Buccaneers: Correcting “pros” bad draft grades for team

Joe Tryon draft annoucement (Photo by Gregory Shamus/Getty Images)
Joe Tryon draft annoucement (Photo by Gregory Shamus/Getty Images) /
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Tampa Bay Buccaneers fan (Photo by Gregory Shamus/Getty Images) /

Let’s take a look at how the NFL pundits, mind readers, and chief phrenologists wind up sticking our Tampa Bay Buccaneers with a ratty C+ draft rating. It’s amazing to think that the cumulative load of professional scouting and draft prognosticating could judge a pig catching contest, no less judge how a selection by team B is so much better or worse than a selection by team A.

Part of the reason has to be related to the type of high school coaching in which the coach is more interested in a certain style of play, even if their components aren’t quite fitting that mold. For instance, if a team wants to play the spread offense, but their wideouts are 5-feet-4 inches and mediocre catchers of the football, but your two best receivers are the full back and tight end.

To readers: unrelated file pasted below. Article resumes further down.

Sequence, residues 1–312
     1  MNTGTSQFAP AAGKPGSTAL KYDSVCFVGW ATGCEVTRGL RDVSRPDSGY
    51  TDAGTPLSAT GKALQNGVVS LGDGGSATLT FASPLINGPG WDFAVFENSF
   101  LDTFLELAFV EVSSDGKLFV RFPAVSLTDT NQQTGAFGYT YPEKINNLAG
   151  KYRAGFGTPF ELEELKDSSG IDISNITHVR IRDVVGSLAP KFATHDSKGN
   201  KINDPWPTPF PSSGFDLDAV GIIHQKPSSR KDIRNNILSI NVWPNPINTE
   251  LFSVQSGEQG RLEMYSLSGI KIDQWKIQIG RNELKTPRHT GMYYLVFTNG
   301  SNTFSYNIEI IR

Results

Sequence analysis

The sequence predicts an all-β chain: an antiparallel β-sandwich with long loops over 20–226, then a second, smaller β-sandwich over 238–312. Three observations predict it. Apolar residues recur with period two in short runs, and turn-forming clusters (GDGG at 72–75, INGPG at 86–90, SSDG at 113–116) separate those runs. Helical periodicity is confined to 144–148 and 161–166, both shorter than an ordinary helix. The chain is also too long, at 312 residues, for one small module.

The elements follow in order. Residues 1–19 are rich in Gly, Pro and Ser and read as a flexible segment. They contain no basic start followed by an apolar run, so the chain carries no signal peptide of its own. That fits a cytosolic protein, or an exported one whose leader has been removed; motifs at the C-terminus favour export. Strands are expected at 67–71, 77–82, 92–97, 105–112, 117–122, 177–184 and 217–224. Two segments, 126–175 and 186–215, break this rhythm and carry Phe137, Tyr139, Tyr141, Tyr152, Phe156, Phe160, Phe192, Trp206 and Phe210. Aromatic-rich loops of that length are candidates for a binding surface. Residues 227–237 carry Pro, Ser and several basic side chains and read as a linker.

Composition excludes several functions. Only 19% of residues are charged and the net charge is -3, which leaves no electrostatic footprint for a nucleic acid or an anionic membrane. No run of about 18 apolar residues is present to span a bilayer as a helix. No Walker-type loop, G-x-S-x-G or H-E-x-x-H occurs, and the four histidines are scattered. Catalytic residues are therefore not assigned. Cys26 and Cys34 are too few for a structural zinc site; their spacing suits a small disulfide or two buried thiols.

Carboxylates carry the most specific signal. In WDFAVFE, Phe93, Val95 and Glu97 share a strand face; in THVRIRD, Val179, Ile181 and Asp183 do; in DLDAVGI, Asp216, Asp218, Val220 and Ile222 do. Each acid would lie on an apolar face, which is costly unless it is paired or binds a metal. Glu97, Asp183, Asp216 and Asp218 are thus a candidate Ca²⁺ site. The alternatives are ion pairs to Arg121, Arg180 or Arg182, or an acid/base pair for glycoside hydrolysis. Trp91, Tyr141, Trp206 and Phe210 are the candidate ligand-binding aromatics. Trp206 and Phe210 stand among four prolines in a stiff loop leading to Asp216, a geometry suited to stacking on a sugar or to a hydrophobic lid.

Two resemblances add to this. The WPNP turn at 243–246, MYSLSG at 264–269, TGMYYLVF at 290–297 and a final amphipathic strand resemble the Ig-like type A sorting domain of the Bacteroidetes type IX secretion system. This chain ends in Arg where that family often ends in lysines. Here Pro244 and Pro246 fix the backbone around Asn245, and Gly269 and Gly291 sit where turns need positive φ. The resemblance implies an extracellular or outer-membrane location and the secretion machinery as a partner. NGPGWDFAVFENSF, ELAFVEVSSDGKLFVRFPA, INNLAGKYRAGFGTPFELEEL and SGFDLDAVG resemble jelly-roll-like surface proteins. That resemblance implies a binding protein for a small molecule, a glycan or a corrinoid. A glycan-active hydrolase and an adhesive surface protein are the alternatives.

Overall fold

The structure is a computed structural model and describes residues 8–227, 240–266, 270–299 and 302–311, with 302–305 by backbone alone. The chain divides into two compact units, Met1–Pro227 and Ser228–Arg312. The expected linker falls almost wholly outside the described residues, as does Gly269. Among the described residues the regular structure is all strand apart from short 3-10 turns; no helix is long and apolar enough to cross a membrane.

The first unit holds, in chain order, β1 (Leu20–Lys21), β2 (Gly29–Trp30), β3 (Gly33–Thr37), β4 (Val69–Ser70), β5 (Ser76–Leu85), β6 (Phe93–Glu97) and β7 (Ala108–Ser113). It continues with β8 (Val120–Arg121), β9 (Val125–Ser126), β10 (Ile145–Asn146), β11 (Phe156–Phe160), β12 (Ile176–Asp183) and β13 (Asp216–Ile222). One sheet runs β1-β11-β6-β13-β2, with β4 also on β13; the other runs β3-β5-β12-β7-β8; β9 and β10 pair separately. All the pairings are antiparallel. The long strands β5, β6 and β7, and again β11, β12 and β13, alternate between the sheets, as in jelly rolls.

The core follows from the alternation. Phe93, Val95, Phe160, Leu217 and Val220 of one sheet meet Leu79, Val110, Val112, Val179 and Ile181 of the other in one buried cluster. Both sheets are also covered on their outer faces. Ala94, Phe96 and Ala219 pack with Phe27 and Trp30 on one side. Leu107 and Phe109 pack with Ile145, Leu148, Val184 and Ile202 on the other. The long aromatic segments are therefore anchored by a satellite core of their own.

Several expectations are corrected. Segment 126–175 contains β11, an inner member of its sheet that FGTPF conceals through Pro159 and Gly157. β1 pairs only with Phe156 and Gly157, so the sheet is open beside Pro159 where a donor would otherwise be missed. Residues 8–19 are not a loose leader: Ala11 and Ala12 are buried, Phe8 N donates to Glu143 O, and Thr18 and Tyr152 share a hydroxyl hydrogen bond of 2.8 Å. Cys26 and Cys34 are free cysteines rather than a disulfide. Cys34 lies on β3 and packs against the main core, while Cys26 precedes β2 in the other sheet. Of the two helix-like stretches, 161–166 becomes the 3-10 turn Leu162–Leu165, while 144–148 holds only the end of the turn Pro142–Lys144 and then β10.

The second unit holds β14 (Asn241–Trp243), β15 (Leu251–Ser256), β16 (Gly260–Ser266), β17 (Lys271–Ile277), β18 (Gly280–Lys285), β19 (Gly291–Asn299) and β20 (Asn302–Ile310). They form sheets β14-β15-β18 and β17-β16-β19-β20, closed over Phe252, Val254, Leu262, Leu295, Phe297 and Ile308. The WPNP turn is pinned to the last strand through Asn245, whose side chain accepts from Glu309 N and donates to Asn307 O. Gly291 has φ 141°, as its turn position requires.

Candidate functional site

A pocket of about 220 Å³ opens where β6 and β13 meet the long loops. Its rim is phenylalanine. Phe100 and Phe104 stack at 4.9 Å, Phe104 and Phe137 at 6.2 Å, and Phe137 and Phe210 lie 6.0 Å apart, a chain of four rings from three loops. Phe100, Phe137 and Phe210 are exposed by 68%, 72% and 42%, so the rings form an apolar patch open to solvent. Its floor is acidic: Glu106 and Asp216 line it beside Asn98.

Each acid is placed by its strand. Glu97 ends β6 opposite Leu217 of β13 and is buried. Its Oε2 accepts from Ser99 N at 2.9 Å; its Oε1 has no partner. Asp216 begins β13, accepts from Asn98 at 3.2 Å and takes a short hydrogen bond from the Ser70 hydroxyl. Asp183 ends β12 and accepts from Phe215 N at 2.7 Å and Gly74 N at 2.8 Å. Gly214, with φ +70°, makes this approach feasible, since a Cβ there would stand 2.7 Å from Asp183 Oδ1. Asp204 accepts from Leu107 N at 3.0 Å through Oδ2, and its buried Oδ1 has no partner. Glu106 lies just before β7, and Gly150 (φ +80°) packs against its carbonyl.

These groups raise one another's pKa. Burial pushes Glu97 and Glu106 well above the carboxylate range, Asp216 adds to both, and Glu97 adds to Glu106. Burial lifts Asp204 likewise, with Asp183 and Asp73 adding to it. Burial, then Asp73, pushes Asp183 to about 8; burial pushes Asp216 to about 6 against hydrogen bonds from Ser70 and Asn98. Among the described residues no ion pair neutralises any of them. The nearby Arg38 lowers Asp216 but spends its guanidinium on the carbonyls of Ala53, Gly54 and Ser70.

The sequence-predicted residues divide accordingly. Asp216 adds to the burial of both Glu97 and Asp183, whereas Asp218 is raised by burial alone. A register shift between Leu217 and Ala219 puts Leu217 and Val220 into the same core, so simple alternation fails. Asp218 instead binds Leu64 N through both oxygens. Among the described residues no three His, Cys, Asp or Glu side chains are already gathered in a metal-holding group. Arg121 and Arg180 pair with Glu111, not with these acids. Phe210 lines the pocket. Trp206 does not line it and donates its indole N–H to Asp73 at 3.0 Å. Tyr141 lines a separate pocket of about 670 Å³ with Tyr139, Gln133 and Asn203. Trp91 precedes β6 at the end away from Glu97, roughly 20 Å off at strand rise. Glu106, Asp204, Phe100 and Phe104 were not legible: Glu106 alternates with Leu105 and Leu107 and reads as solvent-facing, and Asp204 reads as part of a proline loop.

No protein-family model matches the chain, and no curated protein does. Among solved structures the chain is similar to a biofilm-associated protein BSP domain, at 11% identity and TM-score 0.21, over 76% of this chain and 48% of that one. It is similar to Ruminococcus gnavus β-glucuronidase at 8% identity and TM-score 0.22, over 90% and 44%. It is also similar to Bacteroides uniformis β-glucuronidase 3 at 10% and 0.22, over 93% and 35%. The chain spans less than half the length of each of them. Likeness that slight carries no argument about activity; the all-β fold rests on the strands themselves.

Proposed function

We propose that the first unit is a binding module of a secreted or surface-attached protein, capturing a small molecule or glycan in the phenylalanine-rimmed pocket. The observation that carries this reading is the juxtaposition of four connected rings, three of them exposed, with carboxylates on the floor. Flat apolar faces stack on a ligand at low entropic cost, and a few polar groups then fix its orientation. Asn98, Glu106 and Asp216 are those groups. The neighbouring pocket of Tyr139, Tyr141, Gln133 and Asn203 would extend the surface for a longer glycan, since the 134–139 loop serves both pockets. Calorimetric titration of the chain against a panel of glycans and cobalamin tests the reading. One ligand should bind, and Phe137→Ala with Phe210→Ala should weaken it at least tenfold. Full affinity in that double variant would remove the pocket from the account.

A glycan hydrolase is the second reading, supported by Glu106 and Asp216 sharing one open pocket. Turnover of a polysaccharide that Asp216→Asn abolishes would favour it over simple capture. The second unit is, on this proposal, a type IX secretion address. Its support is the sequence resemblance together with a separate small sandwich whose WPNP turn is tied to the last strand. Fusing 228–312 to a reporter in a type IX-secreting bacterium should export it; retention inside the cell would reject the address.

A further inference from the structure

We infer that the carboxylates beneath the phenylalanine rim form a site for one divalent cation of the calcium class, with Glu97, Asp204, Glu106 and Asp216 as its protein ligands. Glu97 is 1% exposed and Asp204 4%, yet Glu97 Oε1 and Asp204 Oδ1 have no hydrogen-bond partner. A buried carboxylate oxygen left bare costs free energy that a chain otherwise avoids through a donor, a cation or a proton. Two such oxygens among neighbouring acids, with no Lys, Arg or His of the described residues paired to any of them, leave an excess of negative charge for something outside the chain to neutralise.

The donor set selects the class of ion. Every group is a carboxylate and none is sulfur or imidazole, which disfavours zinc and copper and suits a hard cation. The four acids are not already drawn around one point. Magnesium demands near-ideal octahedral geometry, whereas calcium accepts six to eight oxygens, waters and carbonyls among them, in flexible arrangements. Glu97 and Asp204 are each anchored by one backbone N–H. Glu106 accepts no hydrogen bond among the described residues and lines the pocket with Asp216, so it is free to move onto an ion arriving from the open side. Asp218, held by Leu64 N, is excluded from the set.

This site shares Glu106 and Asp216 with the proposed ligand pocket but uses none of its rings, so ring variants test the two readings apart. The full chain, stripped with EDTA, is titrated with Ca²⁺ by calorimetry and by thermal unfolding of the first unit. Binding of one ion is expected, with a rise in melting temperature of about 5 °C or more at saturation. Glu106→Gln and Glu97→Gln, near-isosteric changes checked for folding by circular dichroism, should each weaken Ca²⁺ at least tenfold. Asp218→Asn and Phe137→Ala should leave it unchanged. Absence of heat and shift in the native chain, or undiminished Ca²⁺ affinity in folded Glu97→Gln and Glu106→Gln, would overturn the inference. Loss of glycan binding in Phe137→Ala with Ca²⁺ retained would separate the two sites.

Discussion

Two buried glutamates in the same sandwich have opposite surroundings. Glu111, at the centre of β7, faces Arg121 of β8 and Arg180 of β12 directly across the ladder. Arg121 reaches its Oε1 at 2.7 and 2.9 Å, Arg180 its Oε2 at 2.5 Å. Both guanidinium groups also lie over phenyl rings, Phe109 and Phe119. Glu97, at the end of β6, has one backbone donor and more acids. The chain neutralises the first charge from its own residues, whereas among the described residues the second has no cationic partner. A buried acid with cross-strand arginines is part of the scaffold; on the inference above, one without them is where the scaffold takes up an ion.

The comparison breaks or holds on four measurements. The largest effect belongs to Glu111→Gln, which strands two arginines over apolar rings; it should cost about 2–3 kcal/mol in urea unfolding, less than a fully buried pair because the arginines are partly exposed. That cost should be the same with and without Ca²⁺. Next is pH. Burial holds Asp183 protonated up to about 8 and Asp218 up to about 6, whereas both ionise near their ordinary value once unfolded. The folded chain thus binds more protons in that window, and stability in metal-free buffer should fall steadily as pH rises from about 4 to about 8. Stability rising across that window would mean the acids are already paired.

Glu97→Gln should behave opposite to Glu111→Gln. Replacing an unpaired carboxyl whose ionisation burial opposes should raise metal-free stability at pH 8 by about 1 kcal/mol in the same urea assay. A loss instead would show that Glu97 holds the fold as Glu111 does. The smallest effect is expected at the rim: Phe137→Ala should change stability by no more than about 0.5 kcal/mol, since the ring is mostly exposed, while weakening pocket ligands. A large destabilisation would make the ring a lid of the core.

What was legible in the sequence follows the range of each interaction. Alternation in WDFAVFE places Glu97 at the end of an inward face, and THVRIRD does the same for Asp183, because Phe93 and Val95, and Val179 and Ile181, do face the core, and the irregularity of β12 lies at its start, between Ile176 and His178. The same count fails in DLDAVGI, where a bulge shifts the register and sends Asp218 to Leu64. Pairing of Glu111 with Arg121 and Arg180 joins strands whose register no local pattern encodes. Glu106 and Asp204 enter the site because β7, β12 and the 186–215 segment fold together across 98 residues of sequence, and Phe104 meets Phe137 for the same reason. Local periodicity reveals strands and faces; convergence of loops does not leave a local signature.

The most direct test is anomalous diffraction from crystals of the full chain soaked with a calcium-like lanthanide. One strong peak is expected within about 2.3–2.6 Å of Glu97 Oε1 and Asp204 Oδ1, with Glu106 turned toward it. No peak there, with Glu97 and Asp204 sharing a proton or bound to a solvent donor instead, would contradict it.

Somehow that isn’t going to work out well. However, if you would take into account the pieces you have to play with, then build the offense and defense around that you might have a better opportunity to win than the other way around.

That’s pretty much how the pundits go about their business. They cite right away that a team, like Tampa, which is bringing back its entire starting squad from last season’s Super Bowl run and then promptly starts grading the team’s picks as if they had needs everywhere. Thus, the Bucs get some pretty outrageous ratings on their choices.

So, how do they judge? The apparent methodology has little to do with talent and a lot to do with team needs. Despite stating the obvious “all the starters are coming back” the pundits start grading as if the team has more voids on both sides of the ball than the team that garnered the first pick. Oh, by the way, did they tell you that Tampa had the 32nd pick of the first round? Really? Get a real brain transplant; not that one from Abby Normal from Young Frankenstein.
So, let’s be honest and take a look at Tampa’s lot of 2021 draft picks: